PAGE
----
These wiggly creatures are schistosomes – worm-like parasites that infect more than 200 million people worldwide and linger in the bloodstream for decades. But this isn’t a gentle environment and they easily get damaged. Their unusual persistence seems to come down to special stem cells (the clump of yellow blobs in the top two rows) that regenerate the parasites’ ageing bodies and worn-out cells. Researchers have discovered that switching off gene called cpb1 makes the parasites respond as if they’ve been severely injured, so some of their cells die. The saviour stem cells then kick into action to repair the damage, multiplying to create many new cells (bottom two rows). These new cells then specialise into regular parasite cells and lose their immortal properties, meaning that eventually the parasites die off. Perhaps treatments blocking cpb1 or targeting the stem cells in other ways could lead to new treatments for schistosome infections.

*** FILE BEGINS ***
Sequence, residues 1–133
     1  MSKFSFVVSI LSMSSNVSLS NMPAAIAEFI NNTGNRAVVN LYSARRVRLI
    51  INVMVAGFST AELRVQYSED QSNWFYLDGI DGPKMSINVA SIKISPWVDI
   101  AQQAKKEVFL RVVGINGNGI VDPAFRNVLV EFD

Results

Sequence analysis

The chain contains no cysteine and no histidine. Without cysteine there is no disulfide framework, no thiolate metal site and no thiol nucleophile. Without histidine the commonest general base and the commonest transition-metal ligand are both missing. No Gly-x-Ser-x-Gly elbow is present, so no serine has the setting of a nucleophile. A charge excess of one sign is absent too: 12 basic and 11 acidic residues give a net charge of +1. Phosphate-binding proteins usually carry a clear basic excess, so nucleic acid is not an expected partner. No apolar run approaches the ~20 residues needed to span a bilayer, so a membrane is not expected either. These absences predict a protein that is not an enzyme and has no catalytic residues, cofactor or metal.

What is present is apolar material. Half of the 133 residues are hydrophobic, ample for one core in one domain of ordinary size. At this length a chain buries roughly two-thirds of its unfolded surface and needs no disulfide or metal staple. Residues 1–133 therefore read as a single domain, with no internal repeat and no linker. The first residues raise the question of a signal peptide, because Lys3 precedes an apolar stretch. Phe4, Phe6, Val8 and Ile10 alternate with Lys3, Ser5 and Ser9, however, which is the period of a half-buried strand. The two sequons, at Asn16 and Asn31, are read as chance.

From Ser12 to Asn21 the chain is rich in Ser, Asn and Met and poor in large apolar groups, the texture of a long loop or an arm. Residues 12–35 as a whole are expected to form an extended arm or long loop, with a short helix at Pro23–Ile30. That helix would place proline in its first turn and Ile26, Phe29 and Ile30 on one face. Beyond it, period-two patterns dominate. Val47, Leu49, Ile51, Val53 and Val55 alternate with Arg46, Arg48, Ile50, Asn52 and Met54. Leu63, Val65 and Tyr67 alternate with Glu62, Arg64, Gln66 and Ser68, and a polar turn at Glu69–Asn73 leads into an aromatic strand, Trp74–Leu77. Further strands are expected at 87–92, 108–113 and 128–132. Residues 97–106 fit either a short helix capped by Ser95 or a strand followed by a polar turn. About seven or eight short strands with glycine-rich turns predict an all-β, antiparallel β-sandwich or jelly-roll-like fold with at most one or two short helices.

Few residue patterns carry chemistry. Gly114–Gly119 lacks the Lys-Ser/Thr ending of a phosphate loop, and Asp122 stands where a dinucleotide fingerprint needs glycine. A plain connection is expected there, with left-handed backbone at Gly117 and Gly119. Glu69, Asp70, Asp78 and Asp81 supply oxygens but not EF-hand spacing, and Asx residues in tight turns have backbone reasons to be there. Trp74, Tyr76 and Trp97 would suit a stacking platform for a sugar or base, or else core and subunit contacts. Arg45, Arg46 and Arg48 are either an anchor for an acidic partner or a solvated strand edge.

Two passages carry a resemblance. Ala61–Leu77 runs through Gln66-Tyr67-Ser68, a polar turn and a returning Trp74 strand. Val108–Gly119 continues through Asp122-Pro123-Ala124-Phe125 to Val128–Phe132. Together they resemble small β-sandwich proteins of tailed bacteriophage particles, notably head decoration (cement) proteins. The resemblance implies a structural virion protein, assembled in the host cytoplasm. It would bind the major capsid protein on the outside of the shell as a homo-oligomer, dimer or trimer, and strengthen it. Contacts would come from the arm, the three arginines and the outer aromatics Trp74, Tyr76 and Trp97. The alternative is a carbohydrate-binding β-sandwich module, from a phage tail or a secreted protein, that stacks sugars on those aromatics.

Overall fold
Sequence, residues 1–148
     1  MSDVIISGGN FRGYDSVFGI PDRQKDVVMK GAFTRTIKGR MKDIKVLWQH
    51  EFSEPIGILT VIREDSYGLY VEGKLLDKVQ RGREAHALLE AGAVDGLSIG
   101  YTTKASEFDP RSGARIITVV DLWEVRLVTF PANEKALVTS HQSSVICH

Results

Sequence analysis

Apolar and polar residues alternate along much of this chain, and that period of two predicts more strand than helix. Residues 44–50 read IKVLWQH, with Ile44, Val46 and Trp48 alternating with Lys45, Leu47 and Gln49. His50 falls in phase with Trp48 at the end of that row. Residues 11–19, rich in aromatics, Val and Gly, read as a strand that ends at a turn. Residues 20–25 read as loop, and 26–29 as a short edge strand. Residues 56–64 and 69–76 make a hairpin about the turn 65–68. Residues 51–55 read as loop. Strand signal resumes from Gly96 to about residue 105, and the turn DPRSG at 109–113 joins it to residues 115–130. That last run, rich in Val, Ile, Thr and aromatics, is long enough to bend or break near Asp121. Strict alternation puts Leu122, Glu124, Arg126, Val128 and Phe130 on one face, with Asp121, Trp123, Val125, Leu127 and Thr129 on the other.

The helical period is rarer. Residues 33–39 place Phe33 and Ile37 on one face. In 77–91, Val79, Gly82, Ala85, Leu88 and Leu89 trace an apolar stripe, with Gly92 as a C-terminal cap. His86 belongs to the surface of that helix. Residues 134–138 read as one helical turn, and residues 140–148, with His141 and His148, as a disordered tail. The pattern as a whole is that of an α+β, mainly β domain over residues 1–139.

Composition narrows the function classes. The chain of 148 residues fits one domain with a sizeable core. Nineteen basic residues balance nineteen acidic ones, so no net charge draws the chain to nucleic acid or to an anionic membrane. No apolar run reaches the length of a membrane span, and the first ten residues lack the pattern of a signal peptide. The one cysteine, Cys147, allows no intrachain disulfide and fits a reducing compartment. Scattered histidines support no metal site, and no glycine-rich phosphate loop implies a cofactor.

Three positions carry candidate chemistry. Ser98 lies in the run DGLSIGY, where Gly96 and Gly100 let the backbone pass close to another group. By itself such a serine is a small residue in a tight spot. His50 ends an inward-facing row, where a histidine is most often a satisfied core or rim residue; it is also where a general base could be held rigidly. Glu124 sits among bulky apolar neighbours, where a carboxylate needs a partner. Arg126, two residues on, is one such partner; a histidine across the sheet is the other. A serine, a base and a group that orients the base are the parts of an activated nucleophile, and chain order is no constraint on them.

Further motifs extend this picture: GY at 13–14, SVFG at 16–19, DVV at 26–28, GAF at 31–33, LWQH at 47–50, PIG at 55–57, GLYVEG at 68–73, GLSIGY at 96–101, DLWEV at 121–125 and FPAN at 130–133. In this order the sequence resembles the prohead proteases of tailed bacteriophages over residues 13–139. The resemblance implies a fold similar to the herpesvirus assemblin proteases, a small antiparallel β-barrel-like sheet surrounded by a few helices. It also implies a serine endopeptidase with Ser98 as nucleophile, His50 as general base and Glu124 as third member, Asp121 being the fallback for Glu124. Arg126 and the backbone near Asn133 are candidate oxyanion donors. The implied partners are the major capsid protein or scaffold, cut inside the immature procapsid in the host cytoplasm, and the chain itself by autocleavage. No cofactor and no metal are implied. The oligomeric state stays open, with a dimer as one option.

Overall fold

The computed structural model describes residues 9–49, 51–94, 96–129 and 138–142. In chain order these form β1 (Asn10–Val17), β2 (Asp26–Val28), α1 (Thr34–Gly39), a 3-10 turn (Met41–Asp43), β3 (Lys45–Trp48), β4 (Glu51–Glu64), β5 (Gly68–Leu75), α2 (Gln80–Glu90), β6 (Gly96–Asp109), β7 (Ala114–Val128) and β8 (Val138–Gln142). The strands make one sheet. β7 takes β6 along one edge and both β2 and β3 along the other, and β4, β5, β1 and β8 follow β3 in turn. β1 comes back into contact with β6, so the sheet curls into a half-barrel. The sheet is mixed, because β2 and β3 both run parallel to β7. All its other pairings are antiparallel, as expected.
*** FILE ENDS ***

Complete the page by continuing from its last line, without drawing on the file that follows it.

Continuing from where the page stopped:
Written by Kat Arney
- Image from work by Julie N. R. Collins and James J. Collins III
- Department of Pharmacology, UT Southwestern Medical Center, Dallas, TX, USA
- Image originally published under a Creative Commons Licence (BY 4.0)
- Published in PLOS Pathogens, November 2016